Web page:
Australasian Science: Australia's authority on science since 1938

Rehabilitating Eugenics

By Michael Cook

Kits that charge thousands of dollars to genetically test consumers for genes with supposed links to social characteristics are heralding a new era of eugenics.

The full text of this article can be purchased from Informit.

Ten years ago, in February 2001, the draft human genome sequence was published to great fanfare. US President Bill Clinton had celebrated the completion of the project the year before as if man had just landed on Mars: “Genome science will have a real impact on all our lives – and even more, on the lives of our children. It will revolutionise the diagnosis, prevention and treatment of most, if not all, human diseases.”

That was the hype. The reality is impressive but hardly revolutionary. As Nature commented in its editorial, “the complexity of post-genome biology has dashed early hopes that this trickle of therapies would rapidly become a flood”.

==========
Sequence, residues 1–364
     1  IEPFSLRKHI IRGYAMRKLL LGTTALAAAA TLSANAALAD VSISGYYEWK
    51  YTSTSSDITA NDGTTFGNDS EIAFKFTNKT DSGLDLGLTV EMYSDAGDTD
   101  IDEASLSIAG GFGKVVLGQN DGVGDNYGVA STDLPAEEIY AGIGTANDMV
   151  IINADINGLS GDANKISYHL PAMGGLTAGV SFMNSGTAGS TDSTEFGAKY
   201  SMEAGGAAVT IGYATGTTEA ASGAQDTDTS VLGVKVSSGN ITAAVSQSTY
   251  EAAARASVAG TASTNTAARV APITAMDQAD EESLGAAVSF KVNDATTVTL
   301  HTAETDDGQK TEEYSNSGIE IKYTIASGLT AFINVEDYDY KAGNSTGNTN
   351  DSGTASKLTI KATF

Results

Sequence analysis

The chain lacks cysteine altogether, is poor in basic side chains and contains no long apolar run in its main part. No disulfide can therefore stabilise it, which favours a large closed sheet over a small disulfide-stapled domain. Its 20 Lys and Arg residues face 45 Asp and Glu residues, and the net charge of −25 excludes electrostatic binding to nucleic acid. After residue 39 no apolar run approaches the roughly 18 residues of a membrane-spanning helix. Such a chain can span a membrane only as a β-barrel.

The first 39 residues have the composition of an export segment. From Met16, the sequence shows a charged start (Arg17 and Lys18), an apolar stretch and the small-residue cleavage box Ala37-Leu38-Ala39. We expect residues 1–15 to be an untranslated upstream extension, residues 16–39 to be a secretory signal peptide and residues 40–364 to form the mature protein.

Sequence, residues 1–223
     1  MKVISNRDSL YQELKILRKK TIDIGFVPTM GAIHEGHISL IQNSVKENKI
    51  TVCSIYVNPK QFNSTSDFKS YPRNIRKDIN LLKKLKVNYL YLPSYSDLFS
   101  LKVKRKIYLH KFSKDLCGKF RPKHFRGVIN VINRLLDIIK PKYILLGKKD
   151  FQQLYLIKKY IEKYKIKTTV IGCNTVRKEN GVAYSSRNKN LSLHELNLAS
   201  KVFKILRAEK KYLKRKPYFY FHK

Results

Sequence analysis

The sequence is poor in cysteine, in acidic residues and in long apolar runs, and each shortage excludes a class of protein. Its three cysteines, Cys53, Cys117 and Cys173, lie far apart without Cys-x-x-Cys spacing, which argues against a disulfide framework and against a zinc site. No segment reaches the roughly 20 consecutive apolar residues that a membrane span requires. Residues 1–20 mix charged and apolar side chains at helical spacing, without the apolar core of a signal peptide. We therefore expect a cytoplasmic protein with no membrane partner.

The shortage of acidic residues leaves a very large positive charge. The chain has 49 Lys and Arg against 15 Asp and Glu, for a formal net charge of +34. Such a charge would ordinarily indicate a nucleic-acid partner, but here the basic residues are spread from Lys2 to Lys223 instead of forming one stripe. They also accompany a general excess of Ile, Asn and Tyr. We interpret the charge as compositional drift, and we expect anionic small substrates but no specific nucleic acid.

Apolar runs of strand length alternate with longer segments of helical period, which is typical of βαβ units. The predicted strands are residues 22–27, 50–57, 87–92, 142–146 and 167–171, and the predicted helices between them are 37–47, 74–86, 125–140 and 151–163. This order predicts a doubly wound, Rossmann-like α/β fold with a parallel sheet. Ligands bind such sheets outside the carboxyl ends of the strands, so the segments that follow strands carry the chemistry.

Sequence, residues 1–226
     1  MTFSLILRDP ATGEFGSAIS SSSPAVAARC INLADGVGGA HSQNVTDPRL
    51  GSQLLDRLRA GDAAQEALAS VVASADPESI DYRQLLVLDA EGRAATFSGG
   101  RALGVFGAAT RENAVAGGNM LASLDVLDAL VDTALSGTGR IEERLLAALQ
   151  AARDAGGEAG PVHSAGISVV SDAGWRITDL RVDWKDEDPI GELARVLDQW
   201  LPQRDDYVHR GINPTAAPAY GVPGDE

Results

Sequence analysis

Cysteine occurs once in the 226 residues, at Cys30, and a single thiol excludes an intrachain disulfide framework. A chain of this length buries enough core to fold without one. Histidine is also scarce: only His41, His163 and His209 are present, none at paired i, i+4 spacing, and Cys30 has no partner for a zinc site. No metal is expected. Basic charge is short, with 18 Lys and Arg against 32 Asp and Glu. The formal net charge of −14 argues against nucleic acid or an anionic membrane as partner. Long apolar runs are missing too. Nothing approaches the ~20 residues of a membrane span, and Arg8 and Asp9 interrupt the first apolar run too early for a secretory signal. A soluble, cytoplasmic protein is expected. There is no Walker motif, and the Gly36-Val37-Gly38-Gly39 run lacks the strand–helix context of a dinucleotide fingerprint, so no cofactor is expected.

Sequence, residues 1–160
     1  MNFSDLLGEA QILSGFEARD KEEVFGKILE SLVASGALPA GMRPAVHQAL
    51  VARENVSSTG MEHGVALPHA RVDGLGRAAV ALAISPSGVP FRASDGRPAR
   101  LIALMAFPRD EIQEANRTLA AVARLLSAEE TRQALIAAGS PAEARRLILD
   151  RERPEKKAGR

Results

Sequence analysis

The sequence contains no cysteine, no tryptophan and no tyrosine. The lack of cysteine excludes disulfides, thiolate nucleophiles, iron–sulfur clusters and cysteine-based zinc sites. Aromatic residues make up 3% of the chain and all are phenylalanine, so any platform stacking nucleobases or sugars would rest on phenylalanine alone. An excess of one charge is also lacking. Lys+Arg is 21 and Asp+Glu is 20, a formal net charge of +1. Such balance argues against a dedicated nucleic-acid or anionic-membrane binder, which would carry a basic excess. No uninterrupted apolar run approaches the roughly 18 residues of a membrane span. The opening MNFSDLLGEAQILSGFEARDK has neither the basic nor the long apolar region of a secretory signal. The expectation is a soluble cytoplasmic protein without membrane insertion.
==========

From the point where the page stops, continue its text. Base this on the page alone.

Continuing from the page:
Scientists are acutely aware of the gap between promise and performance. The battle against common diseases still has not advanced much because so many genes are involved. But somehow their battle-weary skepticism has failed to filter down to the science-dazzled public.

Biopolitical Times, an excellent blog based in California, has taken to running a brief feature called “gene of the week”. These are based on press releases from scientists (normally social scientists) proposing correlations between genes and personality types.

For instance the “slut gene” disposes people to one-night stands, there is a gene for being in a gang, and also an early-loss-of-virginity gene. There’s a “ruthless dictator...

The full text of this article can be purchased from Informit.

Michael Cook is editor of the bioethics newsletter BioEdge.